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Mabel Adams

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Mabel Adams last won the day on May 23

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About Mabel Adams

  • Birthday April 23

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  • Gender
    Not Telling
  • Interests
    Gardening, miniatures, crafts
  • Biography
    An Oregonian that lived in Idaho for 25 years. Got my SBB in 1998. Moved back to Oregon in 2008.
  • Location
    Bend OR
  • Occupation
    Blood Bank Supervisor
  • Real Name
    Mabel Adams

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  1. I was hoping you would share your experience. Thanks.
  2. The Blood Group Antigen Fact Book says HDFN risk of Anti-Kpa is mild to severe. Apparently ACOG says this antibody causes only mild HDFN. Does anyone have any references or know why the book includes "severe"? Our patient has a titer of 32 and we want to manage it like anti-K, but maybe it doesn't affect the red cell precursors like anti-K does.
  3. For gel 2+ or less, we ask provider to allow us to send out for molecular typing if patient has childbearing potential. Otherwise, we usually interpret them as D positive but add a note that their type is weak and atypical so they may sometimes be reported as negative and other times (other places) as positive. If they have anti-D or some other reason (anti-C & anti-E?) we will choose to call them D neg.
  4. If we get in a directed donor unit with a D00 at the end of the product code, and we want to give it to a different recipient than originally intended, do we relabel it with a V00 product code or can we leave it as D00 and cross it over to regular inventory?
  5. I think AABB requires that stored blood products be maintained in a way to reduce errors. The old tradition (maybe there are still rules) of keeping specimens below blood products suggests that specimens spill in the refrigerator. I can't recall every seeing that happen. I've seen a few doozy spills out on the workbenches but not in the refrigerator.
  6. Update: apparently AABB is changing this standard to an interim standard. Proposed Interim Standard Focusing on Sterile Weld for the 33rd edition of Standards for Blood Banks and Transfusion Services (aabb.org) If the integrity of the weld is complete, and the compo­nent is in a container approved by the FDA or Competent Authority for storage, then the original shall have an expiration date/time shall apply, consistent with the storage requirements for the blood or blood component. assigned in accordance with the FDA- or Competent-Authority-approved package insert for the storage container. Standard 5.1.4 applies. Regardless of the integrity of the weld, if no storage time limit is specified in the package insert or the package insert is not available, the component shall have an expiration time of 4 hours after transfer from the original container. Confused yet? I am.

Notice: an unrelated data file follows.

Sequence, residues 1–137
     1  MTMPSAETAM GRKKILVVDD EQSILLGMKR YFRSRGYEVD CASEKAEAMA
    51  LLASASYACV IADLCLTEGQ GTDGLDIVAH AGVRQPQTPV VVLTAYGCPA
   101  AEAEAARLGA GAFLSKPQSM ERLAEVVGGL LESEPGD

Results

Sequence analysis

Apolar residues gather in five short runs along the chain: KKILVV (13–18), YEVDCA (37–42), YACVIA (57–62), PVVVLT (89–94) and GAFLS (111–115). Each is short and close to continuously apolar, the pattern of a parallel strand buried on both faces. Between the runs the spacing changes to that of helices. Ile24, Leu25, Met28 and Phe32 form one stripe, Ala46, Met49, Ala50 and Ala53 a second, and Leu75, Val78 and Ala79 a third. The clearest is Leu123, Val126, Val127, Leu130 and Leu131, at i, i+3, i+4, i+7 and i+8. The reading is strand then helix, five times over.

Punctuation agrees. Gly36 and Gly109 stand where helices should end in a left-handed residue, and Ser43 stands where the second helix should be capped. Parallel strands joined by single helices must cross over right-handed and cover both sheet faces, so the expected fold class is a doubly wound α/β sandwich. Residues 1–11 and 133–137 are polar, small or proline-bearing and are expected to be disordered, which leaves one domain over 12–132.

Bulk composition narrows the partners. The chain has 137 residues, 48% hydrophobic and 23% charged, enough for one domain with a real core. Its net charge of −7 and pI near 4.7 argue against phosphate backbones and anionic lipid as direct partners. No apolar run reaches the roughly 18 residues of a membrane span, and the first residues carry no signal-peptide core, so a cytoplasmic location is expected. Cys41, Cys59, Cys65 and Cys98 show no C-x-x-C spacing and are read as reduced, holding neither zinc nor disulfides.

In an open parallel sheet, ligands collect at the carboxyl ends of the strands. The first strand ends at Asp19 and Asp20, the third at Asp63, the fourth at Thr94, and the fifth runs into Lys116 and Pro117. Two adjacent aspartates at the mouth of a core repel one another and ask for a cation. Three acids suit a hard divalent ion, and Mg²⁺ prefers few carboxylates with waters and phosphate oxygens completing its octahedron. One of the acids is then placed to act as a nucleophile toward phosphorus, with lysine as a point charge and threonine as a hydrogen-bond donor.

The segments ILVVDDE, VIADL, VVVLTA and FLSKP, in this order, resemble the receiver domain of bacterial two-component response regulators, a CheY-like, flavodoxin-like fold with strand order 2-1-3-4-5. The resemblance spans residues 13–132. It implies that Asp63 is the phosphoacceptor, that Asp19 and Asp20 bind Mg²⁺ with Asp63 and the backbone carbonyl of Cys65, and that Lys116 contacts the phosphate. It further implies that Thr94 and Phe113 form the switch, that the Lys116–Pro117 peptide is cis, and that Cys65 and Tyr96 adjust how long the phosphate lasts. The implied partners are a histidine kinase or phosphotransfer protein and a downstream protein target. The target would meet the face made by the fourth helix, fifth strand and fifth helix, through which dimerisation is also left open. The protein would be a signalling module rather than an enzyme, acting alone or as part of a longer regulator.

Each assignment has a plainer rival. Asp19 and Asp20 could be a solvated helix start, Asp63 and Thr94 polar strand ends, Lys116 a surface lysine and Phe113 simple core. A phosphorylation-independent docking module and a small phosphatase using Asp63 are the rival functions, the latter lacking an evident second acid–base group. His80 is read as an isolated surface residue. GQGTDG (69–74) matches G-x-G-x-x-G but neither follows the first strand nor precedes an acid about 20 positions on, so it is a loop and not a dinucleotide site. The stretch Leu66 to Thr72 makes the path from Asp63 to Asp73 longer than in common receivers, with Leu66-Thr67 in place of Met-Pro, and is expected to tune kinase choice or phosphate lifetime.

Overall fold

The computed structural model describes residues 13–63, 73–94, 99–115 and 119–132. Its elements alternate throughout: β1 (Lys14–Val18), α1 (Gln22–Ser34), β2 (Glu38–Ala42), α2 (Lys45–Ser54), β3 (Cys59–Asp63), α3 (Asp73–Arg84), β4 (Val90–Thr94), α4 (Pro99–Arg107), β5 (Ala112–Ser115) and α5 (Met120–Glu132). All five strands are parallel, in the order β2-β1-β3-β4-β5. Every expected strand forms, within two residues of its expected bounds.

7. I just got information back from Fresenius (now maker of Fenwal transfer packs) that their bags are good for red cells through the unit outdate but that they are not approved at all for platelets. Do you know if Charter Medical says that their bags are approved for platelets? We use their 60 ml syringes and they are listed as okay for platelets so I assume their 150 ml syringes would be but wasn't sure about their bags.
  8. One thing we require, before using a pre-warmed technique, is proof that there is room temperature reactivity. You had this with the reverse type but that is often lacking in group O patients. It's not perfect for the anti-Vel etc. but it prevents the habit of doing a pre-warmed technique just to make reactivity disappear. It is a saline method so less sensitive, after all. Using it when you are pretty sure you have a cold can be a reasonable risk to take. Using it when you don't have a cold antibody, means taking an unnecessary risk.
  9. Does anyone know a manufacturer of transfer packs that stipulates expiration times? I find nothing online for Fenwal bags and the box doesn't list expirations. Four hours isn't even enough so the product is still in-date at the end of the usually allowed 4 hour infusion time.
  10. What is the expiration used for platelets that are divided into a transfer pack/bag using a sterile welder (closed system)? Do you use the original expiration or does the plastic of the transfer bag not allow oxygen transfer like a platelet bag so they have to have a shorter expiration? If the latter, how long of an expiration is permitted?
  11. Do you know if they assessed the results based only on recipient blood type? I would think that group O patients would be much more likely to get ABO-incompatible platelets. Group O patients are known to have different bleeding tendencies for other reasons. I would like to be sure they accounted for this possible confounder, or understand why it doesn't matter.
  12. If IS XM can be a test on the Vision, I would think it could go through the interface like the AHG XM does. Might depend on your BBIS.
  13. How is your final product labeled? I didn't notice that in the document.
  14. I think Texas is studying this. I have heard that the cold-stored platelets are already activated so are thought to work well for rapidly bleeding patients. I don't think activated platelets last well in your average oncology patient.
  15. IS XM in Ortho gel uses the neutral card, while IAT XM requires the IgG card. We don't currently stock the neutral gel cards. Our small hospitals are gel-only so any IS XMs needed there are done by using the neutral wells in the ABD/Reverse card that were intended for the reverse type. They do these maybe once a year at most.
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